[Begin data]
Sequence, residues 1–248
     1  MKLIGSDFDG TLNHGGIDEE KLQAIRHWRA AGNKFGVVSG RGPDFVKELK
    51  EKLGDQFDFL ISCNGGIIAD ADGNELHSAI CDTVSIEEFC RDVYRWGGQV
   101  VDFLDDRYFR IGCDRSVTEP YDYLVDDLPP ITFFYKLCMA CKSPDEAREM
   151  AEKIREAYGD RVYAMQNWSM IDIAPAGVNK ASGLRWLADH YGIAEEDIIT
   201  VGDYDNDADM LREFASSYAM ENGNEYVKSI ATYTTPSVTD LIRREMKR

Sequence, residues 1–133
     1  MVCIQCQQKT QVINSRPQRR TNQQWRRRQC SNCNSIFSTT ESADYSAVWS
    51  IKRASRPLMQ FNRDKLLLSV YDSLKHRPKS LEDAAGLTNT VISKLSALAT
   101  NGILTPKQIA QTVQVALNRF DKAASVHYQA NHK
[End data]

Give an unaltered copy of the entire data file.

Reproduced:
Sequence, residues 1–248
     1  MKLIGSDFDG TLNHGGIDEE KLQAIRHWRA AGNKFGVVSG RGPDFVKELK
    51  EKLGDQFDFL ISCNGGIIAD ADGNELHSAI CDTVSIEEFC RDVYRWGGQV
   101  VDFLDDRYFR IGCDRSVTEP YDYLVDDLPP ITFFYKLCMA CKSPDEAREM
   151  AEKIREAYGD RVYAMQNWSM IDIAPAGVNK ASGLRWLADH YGIAEEDIIT
   201  VGDYDNDADM LREFASSYAM ENGNEYVKSI ATYTTPSVTD LIRREMKR

Sequence, residues 1–133
     1  MVCIQCQQKT QVINSRPQRR TNQQWRRRQC SNCNSIFSTT ESADYSAVWS
    51  IKRASRPLMQ FNRDKLLLSV YDSLKHRPKS LEDAAGLTNT VISKLSALAT
   101  NGILTPKQIA QTVQVALNRF DKAASVHYQA NHK